Adrenalectomy selectively regulates gabaa receptor subunit expression in the hippocampus

Miles Orchinik, Nancy G. Weiland, Bruce S. McEwen

Research output: Contribution to journalArticle

47 Scopus citations

Abstract

Hippocampal function is modulated by adrenal corticosteroids released in a diurnal rhythm or in response to stress. Hippocampal excitability is also modulated by the activity of γ-aminobutyric acid (GABA), the major inhibitory neurotransmitter in the mammalian brain. One mechanism of corticosteroid action in the hippocampus is likely to be via regulation of the GABA system, including corticosteroid regulation of GABAA receptor expression. The GABAA receptor is a heterooligomeric complex composed of subunits derived from a number of distinct genes. We examined the effects of short-term adrenalectomy and low-level corticosterone replacement on mRNA levels for 5 GABAA receptor subunits. In situ hybridization studies demonstrated that mRNA levels for GABAA receptor α1, α2, β2, and γ2 subunits were altered in the hippocampus of female rats by adrenalectomy. Levels of α1 and γ2 mRNA increased in CA3, α2 mRNA increased in the dentate gyrus, while β2 mRNA decreased in the dentate gyrus and CA2 relative to sham-operated animals following adrenalectomy. These effects were reversed by the addition of 100 μg/ml corticosterone to the drinking water. Adrenalectomy had no effect on the levels of β1 mRNA and no effect on any subunit examined in CA1 or the cingulate cortex. These data support the conclusion that corticosteroids can modulate hippocampal excitability through the site-specific regulation of the expression of specific GABAA receptor subunits. Corticosterone-induced changes in subunit expression might alter GABAergic synaptic inhibition by altering the density of GABAA receptors or altering the subunit composition and thereby the pharmacological properties of the receptors.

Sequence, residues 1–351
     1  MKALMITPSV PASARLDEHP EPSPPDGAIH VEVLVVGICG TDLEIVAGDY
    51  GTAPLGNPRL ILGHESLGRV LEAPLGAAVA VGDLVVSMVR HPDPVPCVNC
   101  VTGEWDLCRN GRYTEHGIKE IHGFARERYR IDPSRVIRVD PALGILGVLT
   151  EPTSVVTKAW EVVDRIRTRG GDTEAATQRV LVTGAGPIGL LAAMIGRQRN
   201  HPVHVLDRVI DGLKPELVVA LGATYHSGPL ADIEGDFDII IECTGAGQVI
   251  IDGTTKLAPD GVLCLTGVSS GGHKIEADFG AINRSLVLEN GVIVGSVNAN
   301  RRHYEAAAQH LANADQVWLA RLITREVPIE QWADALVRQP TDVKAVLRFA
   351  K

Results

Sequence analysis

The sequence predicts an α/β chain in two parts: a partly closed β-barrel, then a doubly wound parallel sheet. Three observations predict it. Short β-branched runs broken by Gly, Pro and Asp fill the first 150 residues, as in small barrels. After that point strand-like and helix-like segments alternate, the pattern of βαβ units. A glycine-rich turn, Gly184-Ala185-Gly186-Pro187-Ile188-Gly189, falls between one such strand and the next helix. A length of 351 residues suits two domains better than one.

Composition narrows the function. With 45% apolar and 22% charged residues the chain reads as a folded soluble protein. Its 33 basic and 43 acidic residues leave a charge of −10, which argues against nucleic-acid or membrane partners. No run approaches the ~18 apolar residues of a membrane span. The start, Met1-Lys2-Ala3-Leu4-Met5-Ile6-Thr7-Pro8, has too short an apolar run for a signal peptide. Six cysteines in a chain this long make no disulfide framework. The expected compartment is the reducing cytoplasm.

Original languageEnglish (US)
Pages (from-to)451-458
Number of pages8
JournalMolecular and Cellular Neuroscience
Volume5
Issue number5
DOIs
StatePublished - Jan 1 1994
Externally publishedYes

ASJC Scopus subject areas

  • Molecular Biology
  • Cellular and Molecular Neuroscience
  • Cell Biology

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